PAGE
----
If Wishes Were Like Shlishkes

Certain staples of Jewish cuisine are beloved as nonpartisan delicacies, as they should be. Steaming bowls of matzo ball soup soothe the soul, crisp latkes satisfy cravings for all things fried, and bagels are the grab-and-go breakfast for countless generations. Food doesn’t care what you do or don’t believe.

Shlishkes, however, haven’t made the same leap into mainstream culture. Originating with Hungarian Ashkenazi Jews, these humble potato dumplings are often compared to Italian gnocchi for their similar structure. Tender, soft, gently simmered morsels made from a bare minimum of ingredients, they’re within easy reach of anyone on a budget or with limited cooking experience.

Potato Shlishkes

How do you make shlishkes?

It’s quite simple:

  1. Boil and mash potatoes.
  2. Add flour.
  3. Cut into dumplings.
  4. Boil and drain.
  5. Toss with breadcrumbs and bake until toasted.

This final step is what truly separates it from the other potato-based pastas. Liberal use of vegan butter or schmaltz and breadcrumbs transforms homely dough into nutty, crunchy, rich, and savory delights.

Want to make these shlishkes your own?

Such a simple formula is ripe for creative interpretation. A few easy ideas for a tasty twist on tradition include:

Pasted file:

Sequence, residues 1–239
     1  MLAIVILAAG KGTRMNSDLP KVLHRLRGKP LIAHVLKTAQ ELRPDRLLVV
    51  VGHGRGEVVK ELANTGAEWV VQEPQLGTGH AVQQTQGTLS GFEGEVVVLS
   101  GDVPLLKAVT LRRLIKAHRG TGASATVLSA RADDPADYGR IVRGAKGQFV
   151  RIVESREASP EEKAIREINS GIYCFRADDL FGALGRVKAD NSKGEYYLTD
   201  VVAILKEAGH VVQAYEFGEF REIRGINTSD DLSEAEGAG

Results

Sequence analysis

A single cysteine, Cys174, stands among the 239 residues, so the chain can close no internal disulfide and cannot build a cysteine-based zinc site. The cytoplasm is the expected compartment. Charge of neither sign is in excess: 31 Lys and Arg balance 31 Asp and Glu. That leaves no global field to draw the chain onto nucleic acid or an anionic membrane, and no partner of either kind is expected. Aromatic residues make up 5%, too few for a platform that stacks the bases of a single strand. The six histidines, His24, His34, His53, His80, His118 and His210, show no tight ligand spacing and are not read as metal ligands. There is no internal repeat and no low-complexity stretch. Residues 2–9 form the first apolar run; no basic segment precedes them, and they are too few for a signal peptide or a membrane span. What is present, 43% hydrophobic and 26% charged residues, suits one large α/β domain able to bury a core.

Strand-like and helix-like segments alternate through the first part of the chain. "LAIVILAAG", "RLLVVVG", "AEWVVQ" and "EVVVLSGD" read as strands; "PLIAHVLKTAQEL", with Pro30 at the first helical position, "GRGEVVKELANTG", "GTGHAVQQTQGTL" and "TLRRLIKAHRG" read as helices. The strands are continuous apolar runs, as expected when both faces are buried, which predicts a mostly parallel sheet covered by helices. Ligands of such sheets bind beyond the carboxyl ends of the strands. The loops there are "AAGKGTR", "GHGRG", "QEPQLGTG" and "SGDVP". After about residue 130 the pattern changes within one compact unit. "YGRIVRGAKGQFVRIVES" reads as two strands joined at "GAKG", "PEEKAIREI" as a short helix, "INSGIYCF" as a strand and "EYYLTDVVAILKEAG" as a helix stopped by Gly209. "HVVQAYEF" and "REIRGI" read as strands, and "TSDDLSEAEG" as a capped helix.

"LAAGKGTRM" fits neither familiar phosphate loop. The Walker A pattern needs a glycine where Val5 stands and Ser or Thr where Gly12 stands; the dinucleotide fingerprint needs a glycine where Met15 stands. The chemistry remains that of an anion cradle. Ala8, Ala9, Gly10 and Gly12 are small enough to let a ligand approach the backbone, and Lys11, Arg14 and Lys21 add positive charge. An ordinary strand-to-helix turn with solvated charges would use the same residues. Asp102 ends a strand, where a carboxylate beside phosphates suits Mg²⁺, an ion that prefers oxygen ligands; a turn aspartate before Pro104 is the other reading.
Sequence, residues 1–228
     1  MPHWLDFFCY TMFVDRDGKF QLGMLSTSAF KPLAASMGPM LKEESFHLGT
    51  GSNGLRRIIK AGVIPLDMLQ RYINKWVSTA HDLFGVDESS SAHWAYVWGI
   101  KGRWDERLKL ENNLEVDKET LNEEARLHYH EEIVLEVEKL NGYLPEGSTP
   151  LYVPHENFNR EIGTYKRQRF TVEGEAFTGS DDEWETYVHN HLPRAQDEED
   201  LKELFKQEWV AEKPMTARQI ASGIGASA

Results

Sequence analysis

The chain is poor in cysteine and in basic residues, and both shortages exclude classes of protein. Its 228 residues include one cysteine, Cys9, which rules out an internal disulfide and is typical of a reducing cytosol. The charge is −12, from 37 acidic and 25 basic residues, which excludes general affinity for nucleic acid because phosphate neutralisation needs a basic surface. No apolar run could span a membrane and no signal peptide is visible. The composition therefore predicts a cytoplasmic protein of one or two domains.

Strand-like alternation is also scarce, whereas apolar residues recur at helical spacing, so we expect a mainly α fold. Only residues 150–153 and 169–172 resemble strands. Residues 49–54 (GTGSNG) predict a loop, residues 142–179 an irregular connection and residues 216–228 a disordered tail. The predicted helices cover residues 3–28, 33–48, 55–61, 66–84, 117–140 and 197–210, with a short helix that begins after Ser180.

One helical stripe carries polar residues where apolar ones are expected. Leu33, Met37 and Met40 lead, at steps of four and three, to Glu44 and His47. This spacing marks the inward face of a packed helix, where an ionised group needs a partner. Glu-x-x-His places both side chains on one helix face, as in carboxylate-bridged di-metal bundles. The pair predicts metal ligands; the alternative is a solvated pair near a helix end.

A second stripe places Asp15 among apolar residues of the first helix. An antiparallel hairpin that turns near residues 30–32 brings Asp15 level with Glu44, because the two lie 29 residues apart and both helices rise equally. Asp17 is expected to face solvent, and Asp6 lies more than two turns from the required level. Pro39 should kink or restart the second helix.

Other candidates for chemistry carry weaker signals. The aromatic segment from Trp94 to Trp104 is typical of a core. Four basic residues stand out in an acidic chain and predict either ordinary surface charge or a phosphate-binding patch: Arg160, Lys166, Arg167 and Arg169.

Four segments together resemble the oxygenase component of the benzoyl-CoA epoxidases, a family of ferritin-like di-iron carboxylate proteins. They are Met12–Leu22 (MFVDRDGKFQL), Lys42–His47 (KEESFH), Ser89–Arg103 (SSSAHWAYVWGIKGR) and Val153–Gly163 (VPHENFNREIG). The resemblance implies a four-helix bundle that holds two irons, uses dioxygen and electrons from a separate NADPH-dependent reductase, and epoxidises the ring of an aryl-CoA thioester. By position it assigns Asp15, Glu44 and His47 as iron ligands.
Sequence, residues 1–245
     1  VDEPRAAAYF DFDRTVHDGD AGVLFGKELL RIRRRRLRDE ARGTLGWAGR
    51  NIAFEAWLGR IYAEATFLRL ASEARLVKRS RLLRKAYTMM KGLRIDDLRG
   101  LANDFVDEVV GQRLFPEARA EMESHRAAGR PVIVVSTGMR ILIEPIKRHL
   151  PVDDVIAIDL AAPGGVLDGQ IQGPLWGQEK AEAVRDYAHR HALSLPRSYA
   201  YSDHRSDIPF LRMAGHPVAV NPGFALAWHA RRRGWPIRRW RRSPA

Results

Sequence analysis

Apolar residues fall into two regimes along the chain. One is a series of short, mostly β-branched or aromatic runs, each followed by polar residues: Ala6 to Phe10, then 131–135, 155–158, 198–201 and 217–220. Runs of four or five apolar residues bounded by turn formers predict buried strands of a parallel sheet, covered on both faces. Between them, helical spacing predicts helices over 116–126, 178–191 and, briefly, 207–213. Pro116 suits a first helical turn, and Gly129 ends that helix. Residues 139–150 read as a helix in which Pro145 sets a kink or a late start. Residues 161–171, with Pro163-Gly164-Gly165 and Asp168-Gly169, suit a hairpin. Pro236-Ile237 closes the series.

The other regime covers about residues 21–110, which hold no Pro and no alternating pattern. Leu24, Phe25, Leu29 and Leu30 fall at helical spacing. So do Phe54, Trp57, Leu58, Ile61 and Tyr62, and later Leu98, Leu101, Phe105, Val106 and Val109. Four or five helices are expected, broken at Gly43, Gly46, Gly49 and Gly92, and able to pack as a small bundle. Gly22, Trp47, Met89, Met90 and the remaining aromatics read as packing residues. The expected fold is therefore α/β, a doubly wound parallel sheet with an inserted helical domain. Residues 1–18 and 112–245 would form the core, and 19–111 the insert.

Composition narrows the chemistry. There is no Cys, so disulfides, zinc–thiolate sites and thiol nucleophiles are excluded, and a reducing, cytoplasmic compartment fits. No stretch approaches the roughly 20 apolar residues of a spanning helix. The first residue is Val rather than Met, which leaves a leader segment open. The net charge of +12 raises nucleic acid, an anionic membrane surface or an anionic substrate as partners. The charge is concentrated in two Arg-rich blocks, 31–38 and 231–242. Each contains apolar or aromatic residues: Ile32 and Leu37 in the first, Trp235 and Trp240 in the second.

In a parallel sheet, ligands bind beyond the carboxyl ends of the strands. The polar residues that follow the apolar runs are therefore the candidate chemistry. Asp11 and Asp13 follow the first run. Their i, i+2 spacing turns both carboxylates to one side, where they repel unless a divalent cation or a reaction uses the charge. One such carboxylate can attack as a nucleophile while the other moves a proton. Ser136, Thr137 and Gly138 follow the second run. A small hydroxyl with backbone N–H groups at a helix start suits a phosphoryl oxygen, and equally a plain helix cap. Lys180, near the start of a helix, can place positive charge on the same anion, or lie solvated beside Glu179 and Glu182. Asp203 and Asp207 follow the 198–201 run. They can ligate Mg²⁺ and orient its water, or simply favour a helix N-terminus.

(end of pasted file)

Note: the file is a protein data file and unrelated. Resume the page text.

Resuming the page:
• Use coarse almond meal or crushed crunchy chickpeas instead of breadcrumbs for a gluten-free option.
  • Swap white potatoes for orange or purple sweet potatoes.
  • Add cayenne or crushed red pepper flakes to spice things up.
  • Use olive oil instead of vegan butter or schmaltz to decrease the saturated fat.
  • Finish with a sprinkle of vegan Parmesan cheese.

Like any good starchy side, shlishkes are best accompanied by a hearty entree. In truth, though, there’s no bad pairing or inopportune time to serve them. Enjoy shlishke for Hanukkah, Christmas, New Year’s Eve, birthdays, Bachelor parties, Satanic rites; anything worth celebrating with a comforting, homemade meal!

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Long Noodles For Long Days

In January it’s so nice
While slipping on the sliding ice
To slurp hot chicken with long rice
Slurping once, slurping twice
Slurping chicken with long rice

Perhaps that’s not quite how the original children’s book begins, but it’s close enough. Closely linked in my mind to the earliest days of childhood, sitting in my Papa Sam’s lap as he read to me from the colorful pages, the lilting cadence of that simple poetry instantly takes me back. Memories of pillow forts and story time, footie pajamas and a bed full of stuffed animals bubble up like a pot simmering on the back burner. It’s fitting that this particular tale is all about comfort food, since that’s the hunger it satisfies in my soul.

Of course, the real story is about soup, but there’s room for more than one home cooked source of solace. Chicken long rice is basically the brothless equivalent.